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March 31, 2015

MADISON - Preliminary harvest data from Wisconsin's 2014-15 bobcat seasons has shown that hunters and trappers harvested 274 bobcats. Preliminary data combines both state and tribal harvest information, and final harvest information should be available by mid-June.

This marks the fifth year of expanded bobcat harvest and includes results from the newly opened southern bobcat harvest zone.

"Wisconsin's bobcat population is doing well and continues to expand into central and southwest Wisconsin; 2014 is also notable for efforts to improve population estimate procedures - this is a high priority for the department and key conservation partner groups," said John Olson, Wisconsin Department of Natural Resources furbearer ecologist. "We share a hope that better population estimates will lead to expanded hunting and trapping opportunities."

The department's bobcat population estimate research is led by Nathan Roberts, the department's furbearer research scientist.

"This autumn, we worked with trappers to place GPS satellite collars on seven bobcats," said Roberts. "We will be collaring more animals this upcoming year and these collared bobcats will help us better understand the status of bobcats in northern Wisconsin to update our population models and improve our annual quota setting decisions."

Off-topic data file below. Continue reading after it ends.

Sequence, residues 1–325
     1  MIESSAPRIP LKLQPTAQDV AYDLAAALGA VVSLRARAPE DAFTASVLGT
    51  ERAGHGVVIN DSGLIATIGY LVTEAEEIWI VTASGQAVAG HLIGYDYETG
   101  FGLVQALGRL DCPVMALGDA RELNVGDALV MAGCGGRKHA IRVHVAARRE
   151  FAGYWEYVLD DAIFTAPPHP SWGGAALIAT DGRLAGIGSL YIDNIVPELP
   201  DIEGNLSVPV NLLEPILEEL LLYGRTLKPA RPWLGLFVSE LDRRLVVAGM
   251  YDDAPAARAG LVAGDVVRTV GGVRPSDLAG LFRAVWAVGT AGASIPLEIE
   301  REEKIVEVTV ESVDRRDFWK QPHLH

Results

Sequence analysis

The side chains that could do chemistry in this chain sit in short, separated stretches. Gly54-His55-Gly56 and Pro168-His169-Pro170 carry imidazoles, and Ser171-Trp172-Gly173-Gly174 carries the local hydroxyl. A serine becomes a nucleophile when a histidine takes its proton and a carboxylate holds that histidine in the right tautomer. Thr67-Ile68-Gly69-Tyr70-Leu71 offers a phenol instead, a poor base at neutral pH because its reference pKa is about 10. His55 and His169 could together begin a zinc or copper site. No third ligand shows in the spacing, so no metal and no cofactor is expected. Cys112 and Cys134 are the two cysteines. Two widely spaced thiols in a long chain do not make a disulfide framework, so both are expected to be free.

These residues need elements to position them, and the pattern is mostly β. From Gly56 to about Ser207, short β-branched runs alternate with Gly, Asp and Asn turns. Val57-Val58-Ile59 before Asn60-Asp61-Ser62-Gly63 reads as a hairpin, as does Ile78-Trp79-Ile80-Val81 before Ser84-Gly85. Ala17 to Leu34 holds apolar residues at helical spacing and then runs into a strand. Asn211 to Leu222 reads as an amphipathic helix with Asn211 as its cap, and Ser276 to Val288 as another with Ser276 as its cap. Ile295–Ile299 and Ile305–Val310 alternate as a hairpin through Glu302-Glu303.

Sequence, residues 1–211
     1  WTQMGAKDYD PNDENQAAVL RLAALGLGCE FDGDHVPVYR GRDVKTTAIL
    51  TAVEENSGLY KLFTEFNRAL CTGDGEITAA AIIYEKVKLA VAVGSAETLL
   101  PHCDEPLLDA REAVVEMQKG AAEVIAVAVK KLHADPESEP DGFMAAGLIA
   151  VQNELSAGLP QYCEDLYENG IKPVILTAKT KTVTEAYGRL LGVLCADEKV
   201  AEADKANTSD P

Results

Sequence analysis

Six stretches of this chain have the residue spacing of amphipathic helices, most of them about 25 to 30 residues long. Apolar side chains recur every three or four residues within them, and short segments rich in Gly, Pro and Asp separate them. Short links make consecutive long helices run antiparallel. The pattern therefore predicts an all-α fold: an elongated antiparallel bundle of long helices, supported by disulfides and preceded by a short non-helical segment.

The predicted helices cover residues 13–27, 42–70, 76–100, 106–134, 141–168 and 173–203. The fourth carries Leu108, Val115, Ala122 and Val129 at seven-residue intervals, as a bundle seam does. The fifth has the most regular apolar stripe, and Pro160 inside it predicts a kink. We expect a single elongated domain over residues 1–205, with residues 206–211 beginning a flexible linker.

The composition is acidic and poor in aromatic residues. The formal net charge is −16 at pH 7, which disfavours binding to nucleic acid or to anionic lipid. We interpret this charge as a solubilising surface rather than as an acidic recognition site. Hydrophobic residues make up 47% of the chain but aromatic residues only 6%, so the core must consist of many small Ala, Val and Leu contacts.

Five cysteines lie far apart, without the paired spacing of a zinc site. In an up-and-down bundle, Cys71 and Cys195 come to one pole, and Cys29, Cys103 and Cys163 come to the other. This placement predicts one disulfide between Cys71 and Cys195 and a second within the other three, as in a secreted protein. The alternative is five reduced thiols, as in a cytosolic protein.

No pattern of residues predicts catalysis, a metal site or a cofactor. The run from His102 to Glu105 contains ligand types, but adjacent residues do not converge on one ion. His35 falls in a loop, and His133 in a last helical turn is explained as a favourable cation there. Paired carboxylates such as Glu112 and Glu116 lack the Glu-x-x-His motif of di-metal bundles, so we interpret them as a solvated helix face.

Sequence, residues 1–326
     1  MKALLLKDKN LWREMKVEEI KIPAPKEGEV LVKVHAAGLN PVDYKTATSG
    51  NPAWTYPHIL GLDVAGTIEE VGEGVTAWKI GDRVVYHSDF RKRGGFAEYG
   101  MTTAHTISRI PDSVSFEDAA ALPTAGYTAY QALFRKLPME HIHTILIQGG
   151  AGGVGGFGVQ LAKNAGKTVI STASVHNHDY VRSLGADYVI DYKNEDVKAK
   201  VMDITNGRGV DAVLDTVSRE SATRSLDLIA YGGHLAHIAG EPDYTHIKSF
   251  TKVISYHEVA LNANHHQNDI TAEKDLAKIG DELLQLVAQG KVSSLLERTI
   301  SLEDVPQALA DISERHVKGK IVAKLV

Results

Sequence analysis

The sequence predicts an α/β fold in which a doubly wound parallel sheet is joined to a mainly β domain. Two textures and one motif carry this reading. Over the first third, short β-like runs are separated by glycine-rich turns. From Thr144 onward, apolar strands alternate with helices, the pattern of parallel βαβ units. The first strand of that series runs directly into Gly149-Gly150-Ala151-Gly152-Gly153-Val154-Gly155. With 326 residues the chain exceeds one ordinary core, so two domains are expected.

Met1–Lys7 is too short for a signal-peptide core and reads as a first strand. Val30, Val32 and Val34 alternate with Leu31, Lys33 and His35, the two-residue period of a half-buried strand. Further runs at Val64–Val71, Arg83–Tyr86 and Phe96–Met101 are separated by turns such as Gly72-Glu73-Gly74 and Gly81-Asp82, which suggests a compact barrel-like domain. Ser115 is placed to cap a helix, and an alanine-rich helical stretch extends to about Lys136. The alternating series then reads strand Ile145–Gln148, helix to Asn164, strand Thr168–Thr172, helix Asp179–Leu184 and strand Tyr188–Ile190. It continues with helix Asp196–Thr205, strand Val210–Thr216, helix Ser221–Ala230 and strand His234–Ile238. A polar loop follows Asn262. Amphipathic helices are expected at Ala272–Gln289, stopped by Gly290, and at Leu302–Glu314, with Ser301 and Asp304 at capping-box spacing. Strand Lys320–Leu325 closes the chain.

Annual harvest quota recommendations are made by the Furbearer Advisory Committee, which includes DNR staff, tribal and partner agency representatives and individuals from key user groups. Wisconsin's bobcat hunting and trapping seasons are divided into early (mid-October to December 25) and late (December 26 to January 31) time periods. These early and late seasons for each zone can be closed early, if needed, to stay within approved harvest goals.

Harvested bobcats must be reported within 24 hours and receive an in-person registration tag from a local conservation warden within five days of the month of harvest. Successful harvesters must provide the bobcat carcass to the department for scientific examination. Department staff use data collected from this examination to monitor population age structure, pregnancy rates and litter sizes. This information is tracked annually to allow adjustments to harvest based on overall size and health of the bobcat population.

For more information regarding bobcat hunting and research in Wisconsin, visit the DNR web site at and search keyword "furbearers."

FOR MORE INFORMATION CONTACT: John Olson, DNR furbearer ecologist, 715-685-2934; Nathan Roberts, DNR research scientist, 715-490-9345

Last Revised: Tuesday, March 31, 2015

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